There’s been a corporate media trope lately that the stimulus bill, despite Barack Obama’s assurances, contained “pork.” CNN’s Lou Dobbs (2/12/09) even offered a detailed statistical breakdown:
Tonight we have our own preliminary analysis of just how much of this bill is pork and how much is stimulus…. Of the $800 billion piece of legislation, about $330 billion is spending. You can interpret that as stimulative or not. There is $270 billion of tax cuts and credits. And then there’s about $200 billion of the legislation that is potentially pork projects; that could potentially increase. The number could easily increase as we find out more details about this huge spending plan.
How exactly Dobbs determined what was “spending” and what was “pork” was not at all clear; most economists will tell you that virtually any kind of domestic government spending creates jobs and is therefore stimulative (Washington Post, 2/16/09; Rabble, 1/19/09). When Dobbs’ colleague Kitty Pilgrim rattled off a list of some of that “pork,” it seemed to be defined mainly as items that they thought sounded vaguely comical, like “$600 million for energy-efficient vehicles, including electric golf carts for neighborhood travel,” or “$400 million for health prevention of sexually transmitted diseases.”
A Washington Post article (2/13/09) headlined “Despite Pledges, Stimulus Has Some Pork” at least had a definition of what it meant by the term. Unfortunately, that definition would seem to turn virtually any government spending into an instance of “pork.” Reporters Dan Eggen and Ellen Nakashima led off:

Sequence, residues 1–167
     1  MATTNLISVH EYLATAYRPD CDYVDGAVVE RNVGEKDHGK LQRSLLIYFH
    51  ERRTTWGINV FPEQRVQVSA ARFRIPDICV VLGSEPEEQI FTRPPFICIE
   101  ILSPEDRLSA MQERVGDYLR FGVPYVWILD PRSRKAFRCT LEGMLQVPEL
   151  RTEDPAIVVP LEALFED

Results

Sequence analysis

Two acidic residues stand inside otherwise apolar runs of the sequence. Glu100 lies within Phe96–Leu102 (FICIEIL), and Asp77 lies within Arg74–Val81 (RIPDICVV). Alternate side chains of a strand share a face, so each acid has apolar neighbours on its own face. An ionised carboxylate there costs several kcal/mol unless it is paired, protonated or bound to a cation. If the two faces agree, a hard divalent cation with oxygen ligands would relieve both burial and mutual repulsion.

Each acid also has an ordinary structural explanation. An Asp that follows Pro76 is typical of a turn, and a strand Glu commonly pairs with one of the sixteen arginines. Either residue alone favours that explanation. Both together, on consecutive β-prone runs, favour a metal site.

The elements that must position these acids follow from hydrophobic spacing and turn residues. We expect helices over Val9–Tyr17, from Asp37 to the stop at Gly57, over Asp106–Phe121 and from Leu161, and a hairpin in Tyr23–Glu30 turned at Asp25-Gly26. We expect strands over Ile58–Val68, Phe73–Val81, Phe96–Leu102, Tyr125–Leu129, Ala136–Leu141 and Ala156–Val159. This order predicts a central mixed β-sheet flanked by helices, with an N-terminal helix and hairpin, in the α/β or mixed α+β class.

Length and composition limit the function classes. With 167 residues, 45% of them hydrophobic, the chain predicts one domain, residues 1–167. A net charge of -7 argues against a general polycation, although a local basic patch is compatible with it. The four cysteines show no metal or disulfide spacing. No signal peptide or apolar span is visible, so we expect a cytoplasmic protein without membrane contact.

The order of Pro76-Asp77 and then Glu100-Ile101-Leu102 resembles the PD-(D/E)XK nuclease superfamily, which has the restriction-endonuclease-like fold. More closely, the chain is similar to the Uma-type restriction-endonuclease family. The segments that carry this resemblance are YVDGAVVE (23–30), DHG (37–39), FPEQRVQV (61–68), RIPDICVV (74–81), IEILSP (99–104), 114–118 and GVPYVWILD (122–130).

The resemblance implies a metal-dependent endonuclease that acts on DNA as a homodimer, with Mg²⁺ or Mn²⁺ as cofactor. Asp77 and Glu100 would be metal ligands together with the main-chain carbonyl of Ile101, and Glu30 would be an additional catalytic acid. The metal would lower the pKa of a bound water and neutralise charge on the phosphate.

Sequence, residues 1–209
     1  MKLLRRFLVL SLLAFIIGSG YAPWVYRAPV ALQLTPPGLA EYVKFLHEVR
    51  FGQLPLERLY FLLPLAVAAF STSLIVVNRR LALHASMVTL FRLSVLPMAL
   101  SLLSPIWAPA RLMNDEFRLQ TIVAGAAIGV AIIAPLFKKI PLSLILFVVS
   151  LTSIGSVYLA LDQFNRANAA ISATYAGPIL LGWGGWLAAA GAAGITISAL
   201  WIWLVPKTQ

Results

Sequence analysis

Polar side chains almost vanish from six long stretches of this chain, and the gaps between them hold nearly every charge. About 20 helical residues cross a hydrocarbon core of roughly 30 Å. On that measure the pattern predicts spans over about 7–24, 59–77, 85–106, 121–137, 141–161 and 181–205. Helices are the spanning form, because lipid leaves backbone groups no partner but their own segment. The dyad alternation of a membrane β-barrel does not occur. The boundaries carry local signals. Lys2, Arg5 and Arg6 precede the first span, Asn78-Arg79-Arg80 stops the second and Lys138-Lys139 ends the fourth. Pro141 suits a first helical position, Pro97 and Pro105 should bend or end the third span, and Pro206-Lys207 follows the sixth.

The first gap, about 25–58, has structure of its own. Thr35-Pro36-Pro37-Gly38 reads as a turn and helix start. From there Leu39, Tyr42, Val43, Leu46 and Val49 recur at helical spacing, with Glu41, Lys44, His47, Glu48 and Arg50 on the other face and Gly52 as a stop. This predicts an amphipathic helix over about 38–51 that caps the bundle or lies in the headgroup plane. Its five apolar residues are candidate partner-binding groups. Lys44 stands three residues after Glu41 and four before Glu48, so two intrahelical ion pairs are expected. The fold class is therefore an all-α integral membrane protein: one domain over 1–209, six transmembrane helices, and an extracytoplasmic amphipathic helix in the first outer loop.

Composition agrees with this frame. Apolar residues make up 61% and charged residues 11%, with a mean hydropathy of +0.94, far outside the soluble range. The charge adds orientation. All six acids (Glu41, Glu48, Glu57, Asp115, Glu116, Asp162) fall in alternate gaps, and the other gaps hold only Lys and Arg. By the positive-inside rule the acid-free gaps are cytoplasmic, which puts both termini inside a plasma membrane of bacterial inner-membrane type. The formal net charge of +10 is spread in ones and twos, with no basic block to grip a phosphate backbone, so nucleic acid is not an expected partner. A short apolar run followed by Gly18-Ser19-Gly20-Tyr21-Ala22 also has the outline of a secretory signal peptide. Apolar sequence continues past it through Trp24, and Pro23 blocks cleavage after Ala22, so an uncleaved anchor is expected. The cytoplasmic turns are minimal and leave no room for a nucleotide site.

The compromise stimulus bill adopted by House and Senate negotiators this week is not free of spending that benefits specific communities, industries or groups, despite vows by President Obama that the legislation would be kept clear of pet projects, according to lawmakers, legislative aides and anti-tax groups.
Their exhibit A:
- The deal provides $8 billion for high-speed rail projects, for example, including money that could benefit a controversial proposal for a magnetic-levitation rail line between Disneyland, in California, and Las Vegas, a project favored by Senate Majority Leader Harry M. Reid (D-Nev.). The 311-mph train could make the trip from Sin City to Tomorrowland in less than two hours, according to backers.
Note the language there: “could benefit.” A few paragraphs down the piece clarified:
Reid spokesman Jon Summers said in a statement that the transportation secretary “will have complete flexibility as to which program he uses to allocate the funds,” but he acknowledged that “the proposed Los Angeles-Las Vegas rail project would be eligible.”
So the Las Vegas-to-L.A. rail link (sounds less silly than “Disneyland,” doesn’t it?) “would be eligible” for the high-speed rail money—as would proposals to speed travel between L.A. and San Francisco, Philadelphia and Pittsburgh, the major Ohio cities, etc. The list of high-speed rail projects on the drawing board would certainly take a lot more than $8 billion to fund.
If being one of several “eligible” projects that could potentially benefit from a program makes you a “specific” beneficiary of that program—and therefore a recipient of “pork”—what government program would not have such beneficiaries?
NBC Nightly News correspondent Lisa Myers (2/17/09) made a more general statement about the kind of spending that is thought to be objectionable: “Critics complain that Democratic Party priorities get big money—education, healthcare, communities, the arts—without enough specifics.”
Education, healthcare and communities are “Democratic Party priorities”? Maybe all that talk about the “liberal media” has something to it after all.